Guide to Religious Beliefs in the Workplace

Posted on December 16, 2009

0, edited by the Islamic Workplace



There are a wide variety of Christian churches and organisations.


– Christmas Day December 25th
– Easter Sunday March/April (date set by lunar calendar)
– A festival starting on Maundy Thursday and finishing on Easter Sunday

In addition there are a number of ‘holy days of obligation’ when Christians may wish to attend a church service and request a late start to the working day, or early finish in order that they can attend their local church. Many practicing Christians will wish to attend their Church on Sundays throughout the year.

– Ash Wednesday Feb/March (date set by lunar calendar) this is a day of fasting/abstinence for many Christians.
– Maundy Thursday 3 days before Easter
– Good Friday 2 days before Easter
– All Saints Day 1 November
– Christmas Eve 24 December


Some Christian churches avoid alcohol.


Some Christian churches forbid the use of cosmetics and require their female members to dress modestly.


No special requirements beyond normal compassionate leave. […]

Islam (Muslims)

Observant Muslims are required to pray five times a day. Each prayer time takes about 10 minutes and can take place anywhere clean and quiet. Prayer times vary depending on world location and season, but generally are:-

– At dawn (Fajr)
– At midday (Zuhr) in Winter sometime between 12.00-13.00 and in summer between 13.00-14.30.
– Late Afternoon (Asr) in Winter 14.30-15.30
– After Sunset (Maghrib)
– Late Evening (Isha)

Friday midday prayers are particularly important to Muslims and may take a little longer than other prayer times. Friday prayers must be said in congregation and may require Muslims to travel to the nearest mosque or prayer gathering. Muslims cannot miss two Friday prayers in a row without a very good reason.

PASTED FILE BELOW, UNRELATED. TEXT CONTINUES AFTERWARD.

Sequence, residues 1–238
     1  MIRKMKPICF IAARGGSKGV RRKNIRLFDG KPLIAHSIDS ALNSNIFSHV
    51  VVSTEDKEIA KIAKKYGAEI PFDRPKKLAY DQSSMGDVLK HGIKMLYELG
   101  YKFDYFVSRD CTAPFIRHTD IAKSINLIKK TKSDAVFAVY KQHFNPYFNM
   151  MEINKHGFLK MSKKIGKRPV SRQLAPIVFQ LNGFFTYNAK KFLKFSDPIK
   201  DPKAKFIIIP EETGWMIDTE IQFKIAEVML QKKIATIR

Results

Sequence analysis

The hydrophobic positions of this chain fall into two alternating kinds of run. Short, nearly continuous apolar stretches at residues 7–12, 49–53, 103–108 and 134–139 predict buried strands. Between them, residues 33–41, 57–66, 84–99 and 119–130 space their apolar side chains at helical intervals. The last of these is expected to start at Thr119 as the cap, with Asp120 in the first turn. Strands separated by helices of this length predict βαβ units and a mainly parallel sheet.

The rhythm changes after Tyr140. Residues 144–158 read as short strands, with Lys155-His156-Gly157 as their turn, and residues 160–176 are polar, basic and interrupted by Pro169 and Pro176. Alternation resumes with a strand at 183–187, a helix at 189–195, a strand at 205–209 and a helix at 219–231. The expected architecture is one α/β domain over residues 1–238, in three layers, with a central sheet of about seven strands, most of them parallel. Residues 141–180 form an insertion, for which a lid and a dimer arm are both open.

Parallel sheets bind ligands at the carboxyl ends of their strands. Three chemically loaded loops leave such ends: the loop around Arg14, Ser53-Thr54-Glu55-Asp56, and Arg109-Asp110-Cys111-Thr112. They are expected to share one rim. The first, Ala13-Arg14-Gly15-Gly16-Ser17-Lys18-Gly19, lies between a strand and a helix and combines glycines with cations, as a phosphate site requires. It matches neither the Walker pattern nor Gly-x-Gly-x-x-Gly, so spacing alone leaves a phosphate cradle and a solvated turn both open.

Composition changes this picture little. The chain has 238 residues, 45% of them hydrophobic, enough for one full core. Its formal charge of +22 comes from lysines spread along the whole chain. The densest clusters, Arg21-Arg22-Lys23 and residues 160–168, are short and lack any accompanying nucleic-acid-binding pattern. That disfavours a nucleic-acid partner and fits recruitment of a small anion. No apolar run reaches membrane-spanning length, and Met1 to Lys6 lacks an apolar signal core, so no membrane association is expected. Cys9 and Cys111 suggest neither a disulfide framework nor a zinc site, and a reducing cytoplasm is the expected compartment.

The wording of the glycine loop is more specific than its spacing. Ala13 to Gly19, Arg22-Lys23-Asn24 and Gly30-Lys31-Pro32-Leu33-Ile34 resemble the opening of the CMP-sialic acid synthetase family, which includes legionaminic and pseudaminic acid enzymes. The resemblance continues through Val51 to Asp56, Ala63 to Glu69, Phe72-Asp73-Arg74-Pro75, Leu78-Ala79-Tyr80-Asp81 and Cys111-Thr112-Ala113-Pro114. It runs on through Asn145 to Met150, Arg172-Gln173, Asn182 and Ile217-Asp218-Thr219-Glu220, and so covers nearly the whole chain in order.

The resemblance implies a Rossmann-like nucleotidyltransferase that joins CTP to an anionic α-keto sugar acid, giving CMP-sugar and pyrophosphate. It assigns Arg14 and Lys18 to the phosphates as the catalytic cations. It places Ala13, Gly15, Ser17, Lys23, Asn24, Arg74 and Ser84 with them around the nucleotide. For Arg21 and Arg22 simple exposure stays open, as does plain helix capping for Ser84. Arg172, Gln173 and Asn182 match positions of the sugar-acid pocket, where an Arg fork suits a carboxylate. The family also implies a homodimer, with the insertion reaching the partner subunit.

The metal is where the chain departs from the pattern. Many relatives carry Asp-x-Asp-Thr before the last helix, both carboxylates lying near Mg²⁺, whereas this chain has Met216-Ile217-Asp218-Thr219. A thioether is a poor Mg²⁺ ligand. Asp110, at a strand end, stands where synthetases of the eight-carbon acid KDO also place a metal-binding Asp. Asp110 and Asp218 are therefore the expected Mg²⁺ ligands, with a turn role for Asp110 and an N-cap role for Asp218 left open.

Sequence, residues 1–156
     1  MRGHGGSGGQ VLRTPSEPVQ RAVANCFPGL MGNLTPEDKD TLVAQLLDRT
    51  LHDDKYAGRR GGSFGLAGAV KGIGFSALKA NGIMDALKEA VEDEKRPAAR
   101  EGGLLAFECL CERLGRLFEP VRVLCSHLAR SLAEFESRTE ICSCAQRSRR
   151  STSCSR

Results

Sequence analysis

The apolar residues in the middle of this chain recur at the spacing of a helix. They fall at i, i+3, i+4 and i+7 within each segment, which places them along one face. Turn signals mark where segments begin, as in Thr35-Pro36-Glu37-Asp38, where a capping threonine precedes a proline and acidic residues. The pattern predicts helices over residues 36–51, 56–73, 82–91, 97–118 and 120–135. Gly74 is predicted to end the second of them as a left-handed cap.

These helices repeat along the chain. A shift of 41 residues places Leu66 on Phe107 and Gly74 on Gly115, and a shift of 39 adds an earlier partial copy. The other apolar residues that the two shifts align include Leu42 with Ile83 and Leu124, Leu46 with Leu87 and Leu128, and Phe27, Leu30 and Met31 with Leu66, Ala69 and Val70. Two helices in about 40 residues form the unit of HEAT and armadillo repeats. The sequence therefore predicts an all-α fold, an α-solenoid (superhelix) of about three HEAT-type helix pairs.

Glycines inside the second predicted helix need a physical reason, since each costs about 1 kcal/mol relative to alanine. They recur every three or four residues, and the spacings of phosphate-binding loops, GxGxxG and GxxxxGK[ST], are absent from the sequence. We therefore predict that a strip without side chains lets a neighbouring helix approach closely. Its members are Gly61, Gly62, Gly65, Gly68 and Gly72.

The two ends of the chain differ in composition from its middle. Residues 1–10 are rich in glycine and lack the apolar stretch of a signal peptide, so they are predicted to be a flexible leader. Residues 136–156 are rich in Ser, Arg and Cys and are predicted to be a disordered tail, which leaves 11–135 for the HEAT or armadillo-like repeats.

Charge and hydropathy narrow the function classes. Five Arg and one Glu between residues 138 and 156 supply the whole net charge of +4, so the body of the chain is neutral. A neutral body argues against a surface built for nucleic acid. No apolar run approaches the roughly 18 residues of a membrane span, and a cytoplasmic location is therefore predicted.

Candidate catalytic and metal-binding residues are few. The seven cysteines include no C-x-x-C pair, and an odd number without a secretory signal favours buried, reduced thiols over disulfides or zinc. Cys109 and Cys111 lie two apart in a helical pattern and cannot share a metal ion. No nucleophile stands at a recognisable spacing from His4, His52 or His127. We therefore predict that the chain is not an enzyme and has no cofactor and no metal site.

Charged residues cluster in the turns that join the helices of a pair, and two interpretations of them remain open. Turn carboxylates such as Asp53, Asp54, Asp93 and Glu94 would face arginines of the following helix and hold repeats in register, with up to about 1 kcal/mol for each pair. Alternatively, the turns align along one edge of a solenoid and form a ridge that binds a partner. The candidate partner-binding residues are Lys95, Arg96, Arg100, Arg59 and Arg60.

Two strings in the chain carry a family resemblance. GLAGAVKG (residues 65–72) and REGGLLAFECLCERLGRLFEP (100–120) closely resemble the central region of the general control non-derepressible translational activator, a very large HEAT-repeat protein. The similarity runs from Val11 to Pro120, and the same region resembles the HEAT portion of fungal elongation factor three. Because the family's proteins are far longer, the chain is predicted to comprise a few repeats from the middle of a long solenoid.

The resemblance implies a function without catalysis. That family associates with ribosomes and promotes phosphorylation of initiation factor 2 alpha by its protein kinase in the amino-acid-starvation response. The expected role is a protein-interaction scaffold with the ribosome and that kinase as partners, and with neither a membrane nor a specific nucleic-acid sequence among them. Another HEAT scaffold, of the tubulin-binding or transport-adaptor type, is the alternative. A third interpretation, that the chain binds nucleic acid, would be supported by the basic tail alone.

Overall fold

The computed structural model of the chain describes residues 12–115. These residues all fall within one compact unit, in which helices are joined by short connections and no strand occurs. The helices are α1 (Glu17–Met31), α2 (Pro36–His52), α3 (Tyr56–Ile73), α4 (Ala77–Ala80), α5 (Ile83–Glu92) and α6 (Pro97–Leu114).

Before prayers, observant Muslims undertake a ritual act of purification called the ablution or wudhu. This involves the use of running water to wash hands, face, mouth, nose, arms up to the elbows and feet up to the ankles, although often the washing of the feet will be performed symbolically.


The dates of festivals are reliant on a sighting of the new moon and will therefore vary from year to year. While approximate dates will be know well in advance, it is not always possible to give a definitive date until much nearer the time.

Ramadan, which takes place in the ninth month of the Muslim lunar calendar, is a particularly significant time for Muslims. Fasting is required between dawn and sunset. Most Muslims will attend work in the normal way but in the winter they may wish to break fast with other Muslims at sunset. This could be seen as a delayed lunch break. For those working evening or night shifts, the opportunity to heat food at sunset and/or sunrise will be appreciated.

– Eid Al-Fitr – three days to mark the end of Ramadan – most Muslims will only seek annual leave for the first of the three days.
– Eid al-Adha takes place two months and 10 days after Eid Al-Fitr and is a three-day festival. Again, most Muslims will usually only seek leave for the first of the three days.